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Ralph Nader > Special Features > Nader says Fannie and Freddie Stockholders Stuck in Financial Limbo

GSE’s Shareholders Should be Allowed to Benefit From Fannie and Freddie’s Recovery Just as AIG and Citi Stockholders Benefited

In a letter today to the Secretary of the Treasury, Jacob J. Lew, Mr. Nader urged Secretary Lew to consider the plight of Fannie Mae and Freddie Mac’s common shareholders. In the letter, Mr. Nader wrote that the government sponsored enterprises’ (GSEs) shareholders have been mistreated and left in a sort of financial limbo. He explains that steps taken by the Federal Housing Finance Agency (FHFA), as the GSEs’ conservator, have unnecessarily harmed their shareholders. By delisting Fannie and Freddie’s stock from the NYSE, both tumbled from about $1 per share to 30 cents, wiping out billions of dollars in shareholder value and chasing away many institutional investors.

Nader noted that high-ranking government officials including: former Treasury Secretary Henry M. Paulson, Federal Reserve Chairman Ben S. Bernanke, former Senator Christopher Dodd, Representative Barney Frank, and former OFHEO Director James B. Lockhart, made positive comments about the financial health of Fannie Mae and Freddie Mac in July of 2008, just two months prior to the creation of the conservatorship. “Even the most risk-adverse, prudent investor was comfortable relying on statement from knowledgeable high-ranking government officials who publically claimed Fannie Mae and Freddie Mac were rock-solid companies,” said Mr. Nader.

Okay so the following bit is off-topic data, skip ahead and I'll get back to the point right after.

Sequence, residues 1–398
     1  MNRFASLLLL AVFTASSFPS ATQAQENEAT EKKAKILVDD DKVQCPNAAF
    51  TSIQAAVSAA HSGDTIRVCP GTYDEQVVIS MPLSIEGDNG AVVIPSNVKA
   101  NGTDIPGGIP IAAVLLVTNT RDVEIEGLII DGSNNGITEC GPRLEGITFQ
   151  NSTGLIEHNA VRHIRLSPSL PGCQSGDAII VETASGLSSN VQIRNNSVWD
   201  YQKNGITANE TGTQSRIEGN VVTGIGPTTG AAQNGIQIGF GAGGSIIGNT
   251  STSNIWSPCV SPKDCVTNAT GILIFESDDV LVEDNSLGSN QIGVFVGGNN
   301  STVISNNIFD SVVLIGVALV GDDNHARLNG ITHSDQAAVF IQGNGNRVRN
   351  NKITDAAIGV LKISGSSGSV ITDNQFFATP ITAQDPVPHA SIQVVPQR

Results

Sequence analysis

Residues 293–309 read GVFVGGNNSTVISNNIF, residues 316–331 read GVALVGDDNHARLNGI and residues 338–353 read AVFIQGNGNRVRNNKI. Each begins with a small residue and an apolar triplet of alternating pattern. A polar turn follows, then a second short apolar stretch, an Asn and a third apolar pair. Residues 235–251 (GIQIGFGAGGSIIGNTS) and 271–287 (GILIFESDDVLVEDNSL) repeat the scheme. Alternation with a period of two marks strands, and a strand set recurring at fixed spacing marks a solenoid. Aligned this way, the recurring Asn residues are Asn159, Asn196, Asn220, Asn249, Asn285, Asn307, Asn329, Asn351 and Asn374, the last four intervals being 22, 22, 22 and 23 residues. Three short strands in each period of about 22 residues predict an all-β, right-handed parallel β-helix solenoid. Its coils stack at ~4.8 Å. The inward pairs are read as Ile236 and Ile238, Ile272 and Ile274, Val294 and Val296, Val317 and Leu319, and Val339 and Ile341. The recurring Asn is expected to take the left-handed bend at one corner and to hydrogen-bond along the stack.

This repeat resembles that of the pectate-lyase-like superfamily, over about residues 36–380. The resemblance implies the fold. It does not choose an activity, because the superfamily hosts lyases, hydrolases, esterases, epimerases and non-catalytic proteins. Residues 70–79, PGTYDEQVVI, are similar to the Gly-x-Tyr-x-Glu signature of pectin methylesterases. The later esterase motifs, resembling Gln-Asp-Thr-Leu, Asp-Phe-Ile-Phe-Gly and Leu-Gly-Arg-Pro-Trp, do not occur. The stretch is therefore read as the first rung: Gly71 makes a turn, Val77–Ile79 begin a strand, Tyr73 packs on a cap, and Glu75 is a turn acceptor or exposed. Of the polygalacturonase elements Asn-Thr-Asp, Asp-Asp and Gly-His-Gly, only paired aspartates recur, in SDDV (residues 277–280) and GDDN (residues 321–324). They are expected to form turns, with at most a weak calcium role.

Now, Fannie Mae and Freddie Mac are beginning to recover from the financial crisis. Nader pointed out, “In sum, Fannie and Freddie received a total of approximately $188 billion from the U.S. government, and will have paid the government about $132 billion in dividends by next month. Moreover, it is fair to assume that Fannie and Freddie will be able to fully repay the U.S. government.”

Nader continued, “As you know, the federal government provided funds to help stabilize AIG ($69 billion) and Citigroup ($45 billion). Other funds and guarantees were also made available to these companies. AIG and Citigroup shareholders benefited from the recovery of these companies. Similarly, Fannie Mae and Freddie Mac common stockholders should be allowed to participate in the recovery of the value of their stock just as was the case with AIG and Citigroup investors. The common shareholders have been in a financial limbo far too long.”

A full copy of the letter can be found here: Letter to the Honorable Jacob J. Lew